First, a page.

Rebuttal Witnesses

TUESDAY, Jan. 14

Sandra Clairborne

Clairborne is a police forensic print specialist. She testified that she waited in a police car with department photographer Rolf Rokahr for nearly three-and-a-half hours, waiting for detectives to give them directions. It wasn't until after dawn that they entered the crime scene for the first time.

E.J. Flammer

Flammer is a freelance photographer who took 30 pictures of Simpson on Sept. 26, 1993, at a Buffalo Bills-Miami Dolphins game in Buffalo, N.Y. He recently found the pictures in his basement darkroom and gave them to the plaintiffs' attorneys. He explained that he hired a lawyer and an agent and sold copies of the pictures to the three major TV networks but had no knowledge of how much he was getting for the photos. He said his attorney told him it would be better if he didn't know the amount in case he was asked while testifying.

Leslie Gardner

Gardner was the wardrobe stylist for Simpson's 1994 Playboy exercise video. She bought him black cotton fleece sweat clothes and testified he never returned them. She said it might have been a cotton and polyester blend and wasn't blue-black, like fibers found at the crime scene.

Gerald Richards

Richards is a former top FBI photo analyst who refuted claims of defense expert Robert Groden that a photo of Simpson in Bruno Magli shoes was a fraud. He said the photo wasn't altered in any way, and a first-year photography student would have known it. He explained that the mysterious blue lines on the negative were actually scratches from a camera mechanism and that the photo was not larger than others on the roll.


Gerald Richards

Richards is a former FBI photo analyst who said a picture of Simpson wearing Bruno Magli shoes was "100 percent not a fake." He explained the back-lighting created a halo effect around the shoes in the picture. He also testified that what looked like a hole in a crime scene glove was an optical illusion created by a piece of debris.

Gregory Matheson

Matheson is a LAPD crime lab supervisor. He supported the plaintiff's theory that debris, not a hole, marred the crime scene glove in a photo. Matheson said blood on a glove found at the crime scene was consistent with that of Ronald Goldman, and not O.J. Simpson. He said he found blood smeared on the console of Simpson's Bronco several weeks after the murders occurred. But he could not explain photos of the console taken earlier in which the blood does not appear to be visible.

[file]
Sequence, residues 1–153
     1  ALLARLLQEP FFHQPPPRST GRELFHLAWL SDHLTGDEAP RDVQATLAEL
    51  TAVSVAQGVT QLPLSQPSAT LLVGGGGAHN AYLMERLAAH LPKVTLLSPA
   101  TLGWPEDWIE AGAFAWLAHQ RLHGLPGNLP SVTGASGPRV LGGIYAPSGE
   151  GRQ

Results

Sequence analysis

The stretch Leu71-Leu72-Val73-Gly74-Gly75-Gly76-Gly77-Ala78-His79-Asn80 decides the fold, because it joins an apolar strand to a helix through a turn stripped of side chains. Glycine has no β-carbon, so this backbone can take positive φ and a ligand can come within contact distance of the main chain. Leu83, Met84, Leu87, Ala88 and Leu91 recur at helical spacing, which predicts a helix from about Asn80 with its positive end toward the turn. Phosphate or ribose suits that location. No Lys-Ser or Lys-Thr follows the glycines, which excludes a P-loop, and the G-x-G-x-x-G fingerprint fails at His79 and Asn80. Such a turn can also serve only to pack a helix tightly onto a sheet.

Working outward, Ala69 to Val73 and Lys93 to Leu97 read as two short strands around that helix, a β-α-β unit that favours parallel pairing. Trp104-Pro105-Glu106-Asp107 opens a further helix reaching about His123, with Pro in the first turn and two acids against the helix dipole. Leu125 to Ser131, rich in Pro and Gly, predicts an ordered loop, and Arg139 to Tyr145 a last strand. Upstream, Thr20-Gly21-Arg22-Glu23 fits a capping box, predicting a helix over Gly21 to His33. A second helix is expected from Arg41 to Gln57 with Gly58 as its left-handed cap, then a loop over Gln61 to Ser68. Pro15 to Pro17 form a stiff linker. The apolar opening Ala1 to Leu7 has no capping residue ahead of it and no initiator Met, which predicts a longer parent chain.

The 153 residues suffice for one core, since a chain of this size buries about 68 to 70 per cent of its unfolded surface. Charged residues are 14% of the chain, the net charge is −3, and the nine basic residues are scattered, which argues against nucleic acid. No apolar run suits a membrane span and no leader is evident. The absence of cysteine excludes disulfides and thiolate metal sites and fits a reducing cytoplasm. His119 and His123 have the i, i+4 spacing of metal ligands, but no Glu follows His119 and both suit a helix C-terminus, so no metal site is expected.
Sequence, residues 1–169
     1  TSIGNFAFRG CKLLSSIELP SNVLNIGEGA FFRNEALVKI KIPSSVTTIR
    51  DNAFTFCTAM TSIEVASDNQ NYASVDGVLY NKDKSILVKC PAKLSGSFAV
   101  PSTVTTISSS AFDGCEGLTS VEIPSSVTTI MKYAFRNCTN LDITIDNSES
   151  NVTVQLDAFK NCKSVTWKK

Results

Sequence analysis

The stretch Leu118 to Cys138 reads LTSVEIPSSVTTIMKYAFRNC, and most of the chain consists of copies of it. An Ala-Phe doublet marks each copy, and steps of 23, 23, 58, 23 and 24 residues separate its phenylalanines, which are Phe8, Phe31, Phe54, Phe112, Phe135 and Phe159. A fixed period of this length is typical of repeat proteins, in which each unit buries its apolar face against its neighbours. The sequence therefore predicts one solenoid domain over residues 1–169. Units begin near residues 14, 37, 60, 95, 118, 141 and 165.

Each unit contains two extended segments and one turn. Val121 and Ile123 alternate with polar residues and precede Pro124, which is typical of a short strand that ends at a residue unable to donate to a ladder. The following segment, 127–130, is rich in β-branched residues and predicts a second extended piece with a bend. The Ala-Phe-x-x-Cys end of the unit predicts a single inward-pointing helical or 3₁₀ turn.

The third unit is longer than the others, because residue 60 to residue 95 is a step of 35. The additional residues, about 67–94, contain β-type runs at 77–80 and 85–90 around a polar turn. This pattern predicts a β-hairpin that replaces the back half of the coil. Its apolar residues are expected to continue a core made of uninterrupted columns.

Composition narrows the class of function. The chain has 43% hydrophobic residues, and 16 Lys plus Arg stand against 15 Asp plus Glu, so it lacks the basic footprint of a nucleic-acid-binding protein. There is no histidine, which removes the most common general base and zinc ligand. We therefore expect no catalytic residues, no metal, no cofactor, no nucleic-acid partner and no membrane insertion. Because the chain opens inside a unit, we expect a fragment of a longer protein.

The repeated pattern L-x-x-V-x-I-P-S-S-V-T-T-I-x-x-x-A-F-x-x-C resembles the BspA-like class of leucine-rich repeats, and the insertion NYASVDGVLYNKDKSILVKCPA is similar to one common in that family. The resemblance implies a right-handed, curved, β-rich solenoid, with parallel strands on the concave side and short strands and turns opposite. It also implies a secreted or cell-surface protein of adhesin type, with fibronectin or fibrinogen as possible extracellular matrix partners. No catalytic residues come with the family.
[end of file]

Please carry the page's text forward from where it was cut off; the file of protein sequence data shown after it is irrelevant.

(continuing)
Dennis Fung

Fung is an LAPD criminalist who collected evidence at the crime scene. He returned to the stand for a third time to recant testimony he gave earlier about the bloody glove found at the crime scene. He previously testified that a glove entered into evidence at the civil trial was not the one found at the crime scene. But when called as a rebuttal witness, he testified he no longer believes that the glove in evidence is different from the one he collected at the crime scene. "I didn't lie but I was mistaken." Fung denied he was pressured to change his story, saying he now supports the plaintiff's contention that debris, not a hole, marred the glove in a picture.

Richard Fox

Fox, a private criminalist, rebutted defense experts on the issue of microscopic balls of blood found inside the sock retrieved from Simpson's bedroom. He explained the blood could have been transferred during testing or when the wearer took off the socks. Fox testified the defense theory, that blood was smeared on the sock in the lab, was unlikely.


Angelica Guzman

Guzman was the Los Angeles Police Department officer assigned to help guard Simpson's Bronco the morning after the killings. She testified she saw no one open the vehicle or enter it. She wrote on the impound sheet that the car had an alternator and battery but didn't check under the hood to make sure.

Terry Lee

Lee is a research scientist at City of Hope hospital. He was called to rebut the defense claim that blood samples preserved in test tubes with a chemical called EDTA were planted by police at the crime scene and at Simpson's home to frame the former football star. Lee said he doesn't believe the small traces of EDTA found in blood on a sock at Simpson's home and on a back gate at Nicole's Simpson's condominium indicate that the blood was planted. He explained that EDTA traces could possibly come from testing equipment.

Brad Popovich

Popovich is a chemical molecular geneticist who says there is no evidence of contamination in DNA samples handled by the LAPD crime lab. He testified the results were accurate and reliable and he defended work by criminalist Collin Yamauchi.

Gerald Richards

Richards is a former FBI photo analyst who returned to the stand to say that photographs of Simpson wearing Bruno Magli shoes appeared authentic. He said he saw no signs of alteration or substitution of the negatives. He did acknowledge that someone with the motivation, time, equipment, money and talent could fake photographs.

William Bodziak

Bodziak is an FBI shoe analyst who said the shoes seen on Simpson's feet in photos taken at a Buffalo Bills football game are Lorenzo-style Bruno Maglis, the same style as those worn by someone who left bloody footprints around the bodies of Nicole Brown Simpson and Ronald Goldman.